What about when the bus is packed full, how do you think your little one feels with people pressed up against his stroller? From their perspective, it must be a little scary to be surrounded by lots of strangers in cramped quarters (like a forest of legs!). When you're carrying your baby, you're always close by, he just has to look up and he can easily see your face for reassurance.

Slings make breastfeeding on the go much easier. Babies get hungry everywhere. If I had junior strapped into a stroller, and he decided he wanted to eat, like, five minutes ago already, it would be a struggle to get him out and latch him on on a crowded bus. When your baby is in a carrier, breastfeeding can be easy and discrete.

Lastly, I have always appreciated that when my babies were carried, it was easy to keep them away from the hands of well-meaning strangers. When sitting in an enclosed space with lots of people you don't know, especially in cold and flu season, you don't want strangers stroking your baby's cheeks.

If you're boarding a bus with a toddler, and you think he's outgrown a baby carrier, think again. A lot of soft-structured carriers (SSCs) can be used with children who weigh up to 40 lbs, the size of an average four year old. You can wear your toddler on your front, making it easy to sit down with him in your lap. It can be done, trust me!

So, all this to say if you have a current OC Transpo or Grand River Transit pass, you are entitled to a 10% discount on any instock, regularly-priced baby carrier (no other discounts apply). Transit pass must be shown at time of purchase.

Monday, February 15, 2010

Tips for convincing Dad to use cloth diapers.

While we see a lot of expecting couples doing their research at our stores, it's not uncommon to see pregnant women come in alone, gathering information for their partners who are reluctant to consider using cloth diapers. We are well-prepared for this, we have handouts that detail the who-what-why of cloth diapers, a chart that breaks down the cost savings, and a glossary of terms with a chart that outlines the pros/cons of different systems. What can I say, we want you to be prepared!

If your partner is still on the fence, the following tips can help bring him over to the dark side.

Make him read this. What can I say, I think I did a pretty good job of poking holes through any argument against using cloth diapers.

Show him what today's cloth diapers look like. Like your future daycare provider, your partner may have some preconceived notions about what cloth diapers are, and how they work. If you take him to a store that sells cloth diapers (like ours, hint hint), allowing him to see and feel cloth diapers, you'll do a lot ot sway him to your point of view.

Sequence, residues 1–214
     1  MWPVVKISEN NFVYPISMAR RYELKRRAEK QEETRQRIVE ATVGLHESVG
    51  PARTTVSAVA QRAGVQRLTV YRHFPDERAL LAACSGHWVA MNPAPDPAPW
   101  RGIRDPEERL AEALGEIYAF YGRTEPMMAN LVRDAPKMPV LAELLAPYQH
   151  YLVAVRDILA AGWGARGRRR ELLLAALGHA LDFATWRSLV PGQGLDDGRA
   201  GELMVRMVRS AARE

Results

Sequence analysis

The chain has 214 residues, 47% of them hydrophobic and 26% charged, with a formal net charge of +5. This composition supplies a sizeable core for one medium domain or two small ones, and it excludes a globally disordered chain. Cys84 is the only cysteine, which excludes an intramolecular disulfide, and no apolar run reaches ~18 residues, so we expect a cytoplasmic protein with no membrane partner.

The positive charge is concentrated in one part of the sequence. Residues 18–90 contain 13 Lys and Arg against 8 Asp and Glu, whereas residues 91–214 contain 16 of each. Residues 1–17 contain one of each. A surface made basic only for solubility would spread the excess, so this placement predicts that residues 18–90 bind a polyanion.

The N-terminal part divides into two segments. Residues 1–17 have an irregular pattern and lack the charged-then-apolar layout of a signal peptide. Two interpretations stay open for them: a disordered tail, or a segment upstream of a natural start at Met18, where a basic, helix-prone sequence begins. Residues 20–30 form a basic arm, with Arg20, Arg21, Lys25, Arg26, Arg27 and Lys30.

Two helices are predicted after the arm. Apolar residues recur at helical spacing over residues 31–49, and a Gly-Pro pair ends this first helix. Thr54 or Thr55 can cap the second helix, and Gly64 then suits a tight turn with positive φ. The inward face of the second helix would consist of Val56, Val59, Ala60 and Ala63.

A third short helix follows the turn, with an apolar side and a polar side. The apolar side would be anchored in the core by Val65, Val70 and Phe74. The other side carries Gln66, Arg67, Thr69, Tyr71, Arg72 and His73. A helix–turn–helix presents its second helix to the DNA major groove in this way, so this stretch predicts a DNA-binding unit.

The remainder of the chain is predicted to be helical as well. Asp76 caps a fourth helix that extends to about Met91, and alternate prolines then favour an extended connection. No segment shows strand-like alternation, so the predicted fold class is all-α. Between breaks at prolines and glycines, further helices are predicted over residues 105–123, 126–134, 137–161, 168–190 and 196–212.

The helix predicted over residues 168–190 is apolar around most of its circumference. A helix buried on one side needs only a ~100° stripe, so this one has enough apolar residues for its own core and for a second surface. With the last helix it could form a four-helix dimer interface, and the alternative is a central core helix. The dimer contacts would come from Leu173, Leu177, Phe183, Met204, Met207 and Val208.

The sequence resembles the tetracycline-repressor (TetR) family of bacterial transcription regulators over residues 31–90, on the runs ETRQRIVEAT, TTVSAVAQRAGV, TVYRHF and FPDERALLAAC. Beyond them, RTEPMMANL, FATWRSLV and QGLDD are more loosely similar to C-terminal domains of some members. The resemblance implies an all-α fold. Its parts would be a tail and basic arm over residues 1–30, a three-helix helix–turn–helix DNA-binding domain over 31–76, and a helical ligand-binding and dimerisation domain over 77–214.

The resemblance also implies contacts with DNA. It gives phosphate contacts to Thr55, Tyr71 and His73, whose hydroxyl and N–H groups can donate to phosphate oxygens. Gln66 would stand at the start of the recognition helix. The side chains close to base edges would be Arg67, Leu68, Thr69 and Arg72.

Buy him his own stash. If your partner is still hesitant about using cloth diapers because of their perceived difficulty of use, then buy some easy-to-use diapers just for him. Yes, prefolds are easy to use, however, if he's going to reach for a disposable diaper because prefolds scare him, then buying him his own diapers will be worthwhile investment. Consider a velcro pocket diaper, if you stuff it beforehand, it goes on just as quickly and easily as a disposable diaper.

Keep it simple. Oh, how can I put this delicately. There are some people out there with a lot of time on their hands. I'm not a make-work person, so the thought of folding and color-coding our cloth diapers ever time I wash them makes me shudder. Like anything in life, using cloth diapers can be as complicated or as simple as you make it. If your partner is already worried about the workload involved, make it easy on him by storing everything in a hamper. It doesn't have to look pretty, but it makes laundry day so much easier when all you have to do is pull everything out of the dryer and stick it in a hamper. So. Easy.

Point out the obvious. No matter how liberated you and your other half may be, truth is, for the first few months at least, mom will likely be the baby's primary caregiver. It's just the way things tend to work out. As a result, he will not be changing as many diapers as you will. If you're the one changing poopy bums, you should be the one to make the call as to what goes on junior's bum.

Sign up for a diaper loan program. Over six years ago, I developed the concept of a diaper loan program (a genius idea, if I may say so myself!) as a way to enable parents to seriously consider cloth diapers, giving them a chance to 'test the waters' without making a serious financial investment. A loan program is a great way to see what using cloth diapers involves (easy-peasy, I swear!), and your partner will get a chance to try a variety of diapers -- who knows, maybe he'll turn out to be a prefold fan after all!

It wasn't terribly hard to bring my husband on board with respect to using cloth diapers. The cost savings alone sealed the deal (like me, my husband is a frugal person, a man after my own heart!). Nine years and four babies later, he has never regretted the decision. Your partner won't either, I promise!